While several American Indian tribes are known to have lived in the area occupied by present-day Lake Charles, the first European settlers arrived in the 1760s. In 1781 Martin LeBleu and his wife, Dela Marion, of Bordeaux, France were the first recorded Europeans to settle in the area now known as the LeBleu Settlement. Charles Sallier, one of the first settlers, married LeBleu's daughter, Catherine LeBleu; the Salliers built their home on the beach in what is current-day Lake Charles, LA. The area on the east side of the Calcasieu River was defined as the southern part of the "Neutral Ground" until the ratification of the Adams-Onís Treaty that was ratified in 1821. The infamous pirate, Jean Lafitte, once delivered stolen slaves and contraband to James Bowie and other plantation owners in the area. By 1860 the area becomes known as Charles Town in Sallier's honor.
On March 7, 1861, Lake Charles was officially incorporated as the town of Charleston, Louisiana. The city's growth was fairly slow until Captain Daniel Goos, a Frisian by birth, came to the city in 1855. Goos established a lumber mill and schooner dock, in what became known as Goosport. He promoted a profitable trade with Texan and Mexican ports by sending his schooner downriver into the Gulf of Mexico. Until the arrival of Goos, a man named Jacob Ryan dominated the lumber industry. Between 1817 and 1855, timber sales from longleaf pine and bald cypress remained the city's primary source of economic revenue.
By the time of the U.S. Civil War, many Americans from the North, along with a large influx of continental Europeans and Jews, had come to settle the area. Attitudes toward slavery in Lake Charles were mixed, as slavery was secondary to business interests. In fact, fewer than five percent of the population were slaves. Many citizens became involved in the war. Some local families supported the Confederacy, while others supported the cause of the Union.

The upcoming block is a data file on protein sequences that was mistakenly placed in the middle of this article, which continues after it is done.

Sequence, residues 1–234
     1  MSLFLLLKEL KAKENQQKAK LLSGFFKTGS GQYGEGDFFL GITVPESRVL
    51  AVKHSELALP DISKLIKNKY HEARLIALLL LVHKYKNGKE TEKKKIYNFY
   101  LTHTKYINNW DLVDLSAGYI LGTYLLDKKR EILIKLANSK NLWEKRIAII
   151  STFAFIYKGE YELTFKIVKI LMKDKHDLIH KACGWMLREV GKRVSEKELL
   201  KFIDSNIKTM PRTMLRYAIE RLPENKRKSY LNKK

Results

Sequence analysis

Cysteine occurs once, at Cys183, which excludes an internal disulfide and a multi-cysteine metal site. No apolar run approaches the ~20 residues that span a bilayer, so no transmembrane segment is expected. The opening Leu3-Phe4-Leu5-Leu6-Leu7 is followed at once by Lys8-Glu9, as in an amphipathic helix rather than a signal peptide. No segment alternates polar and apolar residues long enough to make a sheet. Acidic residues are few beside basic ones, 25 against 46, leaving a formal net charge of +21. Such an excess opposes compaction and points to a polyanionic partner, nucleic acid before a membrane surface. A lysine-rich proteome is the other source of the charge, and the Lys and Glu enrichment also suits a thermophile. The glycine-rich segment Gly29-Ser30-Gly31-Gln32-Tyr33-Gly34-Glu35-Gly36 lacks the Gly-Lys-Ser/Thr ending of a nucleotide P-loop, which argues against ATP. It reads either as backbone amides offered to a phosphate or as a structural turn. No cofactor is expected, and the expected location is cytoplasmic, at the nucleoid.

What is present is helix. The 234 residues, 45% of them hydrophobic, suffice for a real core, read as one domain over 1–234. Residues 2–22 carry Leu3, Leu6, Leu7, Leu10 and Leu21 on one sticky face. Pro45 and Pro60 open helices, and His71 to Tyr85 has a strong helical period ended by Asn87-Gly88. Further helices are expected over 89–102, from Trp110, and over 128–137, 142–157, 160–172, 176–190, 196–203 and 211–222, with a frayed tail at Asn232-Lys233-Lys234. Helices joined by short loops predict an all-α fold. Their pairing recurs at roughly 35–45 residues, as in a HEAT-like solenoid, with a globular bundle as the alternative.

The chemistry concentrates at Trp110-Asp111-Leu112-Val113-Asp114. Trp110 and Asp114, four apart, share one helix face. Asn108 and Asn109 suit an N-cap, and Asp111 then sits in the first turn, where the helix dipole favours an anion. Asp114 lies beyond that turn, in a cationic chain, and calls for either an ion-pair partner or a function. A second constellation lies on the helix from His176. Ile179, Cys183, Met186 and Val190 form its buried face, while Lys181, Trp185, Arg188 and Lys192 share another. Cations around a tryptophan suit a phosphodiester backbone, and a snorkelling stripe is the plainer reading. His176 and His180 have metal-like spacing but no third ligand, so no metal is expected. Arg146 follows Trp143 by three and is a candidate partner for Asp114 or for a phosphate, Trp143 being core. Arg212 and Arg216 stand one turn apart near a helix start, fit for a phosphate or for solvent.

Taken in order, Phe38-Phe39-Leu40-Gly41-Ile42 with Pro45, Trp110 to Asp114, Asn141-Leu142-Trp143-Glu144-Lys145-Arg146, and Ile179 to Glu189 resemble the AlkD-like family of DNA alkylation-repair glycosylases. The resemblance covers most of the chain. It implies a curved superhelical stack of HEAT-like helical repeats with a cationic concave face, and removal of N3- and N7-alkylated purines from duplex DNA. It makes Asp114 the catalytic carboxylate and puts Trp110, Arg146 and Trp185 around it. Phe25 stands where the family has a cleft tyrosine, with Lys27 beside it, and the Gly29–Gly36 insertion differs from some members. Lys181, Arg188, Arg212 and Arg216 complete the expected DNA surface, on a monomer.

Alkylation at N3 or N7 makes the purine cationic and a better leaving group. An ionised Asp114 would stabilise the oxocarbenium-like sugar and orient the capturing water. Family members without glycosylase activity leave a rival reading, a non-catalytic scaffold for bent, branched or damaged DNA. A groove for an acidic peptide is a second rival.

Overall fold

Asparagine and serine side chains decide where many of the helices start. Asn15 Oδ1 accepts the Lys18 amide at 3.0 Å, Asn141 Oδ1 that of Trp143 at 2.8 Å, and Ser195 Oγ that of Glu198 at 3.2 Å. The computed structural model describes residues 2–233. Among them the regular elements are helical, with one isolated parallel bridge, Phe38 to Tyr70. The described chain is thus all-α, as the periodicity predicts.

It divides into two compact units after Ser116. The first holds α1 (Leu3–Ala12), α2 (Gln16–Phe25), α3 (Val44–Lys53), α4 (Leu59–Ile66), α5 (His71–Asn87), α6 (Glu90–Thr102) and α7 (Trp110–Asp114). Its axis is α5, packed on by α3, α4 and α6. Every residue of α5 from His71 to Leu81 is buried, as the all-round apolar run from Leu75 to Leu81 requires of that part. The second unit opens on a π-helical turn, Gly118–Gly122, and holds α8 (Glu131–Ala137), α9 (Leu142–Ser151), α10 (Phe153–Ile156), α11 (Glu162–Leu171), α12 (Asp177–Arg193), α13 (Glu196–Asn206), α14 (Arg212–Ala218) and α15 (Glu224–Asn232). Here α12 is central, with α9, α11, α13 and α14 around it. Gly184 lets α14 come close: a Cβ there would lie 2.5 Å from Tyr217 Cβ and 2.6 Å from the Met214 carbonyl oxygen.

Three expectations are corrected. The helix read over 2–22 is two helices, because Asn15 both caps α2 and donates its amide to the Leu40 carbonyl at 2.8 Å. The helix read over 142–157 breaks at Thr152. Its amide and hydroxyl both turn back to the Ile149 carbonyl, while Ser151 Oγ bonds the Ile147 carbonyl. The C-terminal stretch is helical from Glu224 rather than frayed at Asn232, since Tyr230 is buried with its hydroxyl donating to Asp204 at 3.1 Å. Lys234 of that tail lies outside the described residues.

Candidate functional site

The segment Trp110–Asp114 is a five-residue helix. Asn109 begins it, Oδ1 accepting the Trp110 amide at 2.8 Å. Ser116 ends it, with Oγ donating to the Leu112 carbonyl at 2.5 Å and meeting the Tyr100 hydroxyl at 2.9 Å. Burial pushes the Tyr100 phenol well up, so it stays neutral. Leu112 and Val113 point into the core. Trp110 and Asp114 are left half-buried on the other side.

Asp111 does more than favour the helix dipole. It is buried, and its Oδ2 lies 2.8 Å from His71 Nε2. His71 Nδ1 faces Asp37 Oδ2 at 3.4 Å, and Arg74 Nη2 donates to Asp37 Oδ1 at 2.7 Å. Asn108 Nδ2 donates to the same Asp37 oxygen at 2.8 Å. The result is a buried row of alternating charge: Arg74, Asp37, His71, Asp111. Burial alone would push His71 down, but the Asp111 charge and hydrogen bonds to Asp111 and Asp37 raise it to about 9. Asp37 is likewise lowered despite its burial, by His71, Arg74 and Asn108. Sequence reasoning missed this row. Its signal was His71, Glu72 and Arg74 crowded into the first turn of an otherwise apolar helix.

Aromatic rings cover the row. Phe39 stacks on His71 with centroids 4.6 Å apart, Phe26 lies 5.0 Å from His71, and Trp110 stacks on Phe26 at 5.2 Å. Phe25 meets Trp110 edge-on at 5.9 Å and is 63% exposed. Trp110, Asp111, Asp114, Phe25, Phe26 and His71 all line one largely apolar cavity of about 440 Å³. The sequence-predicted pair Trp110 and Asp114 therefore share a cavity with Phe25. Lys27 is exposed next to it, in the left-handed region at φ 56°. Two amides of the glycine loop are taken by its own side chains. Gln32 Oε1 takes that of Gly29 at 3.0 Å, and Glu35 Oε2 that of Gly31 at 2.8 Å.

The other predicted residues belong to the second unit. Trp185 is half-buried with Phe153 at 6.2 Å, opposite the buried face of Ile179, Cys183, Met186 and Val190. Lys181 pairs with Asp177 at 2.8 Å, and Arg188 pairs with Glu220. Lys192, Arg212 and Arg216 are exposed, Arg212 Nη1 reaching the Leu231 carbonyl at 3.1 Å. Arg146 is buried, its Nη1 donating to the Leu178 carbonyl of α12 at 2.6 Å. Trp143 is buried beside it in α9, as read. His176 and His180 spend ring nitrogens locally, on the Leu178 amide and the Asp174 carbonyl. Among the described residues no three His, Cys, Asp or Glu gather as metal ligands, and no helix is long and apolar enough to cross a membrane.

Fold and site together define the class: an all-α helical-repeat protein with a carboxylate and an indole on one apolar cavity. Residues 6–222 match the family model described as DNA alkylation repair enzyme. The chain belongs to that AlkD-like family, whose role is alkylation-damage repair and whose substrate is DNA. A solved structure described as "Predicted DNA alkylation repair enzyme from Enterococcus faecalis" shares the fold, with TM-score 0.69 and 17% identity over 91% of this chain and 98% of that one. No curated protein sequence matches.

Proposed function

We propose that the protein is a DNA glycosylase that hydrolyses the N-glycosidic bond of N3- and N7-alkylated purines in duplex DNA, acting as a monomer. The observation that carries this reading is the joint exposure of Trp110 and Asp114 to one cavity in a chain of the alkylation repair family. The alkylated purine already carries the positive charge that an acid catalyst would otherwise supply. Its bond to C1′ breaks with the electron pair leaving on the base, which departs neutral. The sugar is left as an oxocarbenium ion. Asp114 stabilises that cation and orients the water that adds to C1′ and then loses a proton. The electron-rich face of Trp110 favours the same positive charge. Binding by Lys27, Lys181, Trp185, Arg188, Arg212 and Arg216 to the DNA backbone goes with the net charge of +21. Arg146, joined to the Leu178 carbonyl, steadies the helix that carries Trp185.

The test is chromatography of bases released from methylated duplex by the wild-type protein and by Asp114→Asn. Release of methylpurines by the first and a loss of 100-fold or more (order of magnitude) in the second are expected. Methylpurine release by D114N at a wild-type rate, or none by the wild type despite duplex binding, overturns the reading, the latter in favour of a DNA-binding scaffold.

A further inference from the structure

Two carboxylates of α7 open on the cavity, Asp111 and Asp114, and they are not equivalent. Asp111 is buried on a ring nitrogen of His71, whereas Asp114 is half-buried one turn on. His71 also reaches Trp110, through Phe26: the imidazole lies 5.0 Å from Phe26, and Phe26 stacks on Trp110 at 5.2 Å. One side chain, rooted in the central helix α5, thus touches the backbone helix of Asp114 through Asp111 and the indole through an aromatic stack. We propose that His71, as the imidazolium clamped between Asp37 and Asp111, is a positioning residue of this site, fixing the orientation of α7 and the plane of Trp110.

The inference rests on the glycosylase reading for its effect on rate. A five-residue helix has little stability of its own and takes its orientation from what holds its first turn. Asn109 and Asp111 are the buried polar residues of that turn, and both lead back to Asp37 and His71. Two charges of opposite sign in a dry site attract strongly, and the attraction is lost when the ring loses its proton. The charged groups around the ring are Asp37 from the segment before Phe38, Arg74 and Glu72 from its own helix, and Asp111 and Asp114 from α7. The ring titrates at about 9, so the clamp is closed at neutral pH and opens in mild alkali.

In the years following the Civil War, Lake Charles regained its status as a lumbering center. Using the pine wood from the city's mills, construction of large Victorian mansions transformed Lake Charles during the 1890s. Carpenters competed with verve to out-build each other with their use of elaborate fretwork and decoration. The area of present-day Lake Charles located just east of downtown is known as the ''Charpentier'' Historic District from the French word for carpenter and features unique homes from this era.
Lake Charles suffered extensive damage from Hurricane Rita, which struck the city as a Category 3 storm in early September 24, 2005. On September 22, the mayor ordered a mandatory evacuation of the city, and approximately ninety percent of the residents left. As part of the city's recovery from Hurricane Rita, elected officials proposed a plan to renovate the downtown area to make it more attractive and pedestrian-friendly.
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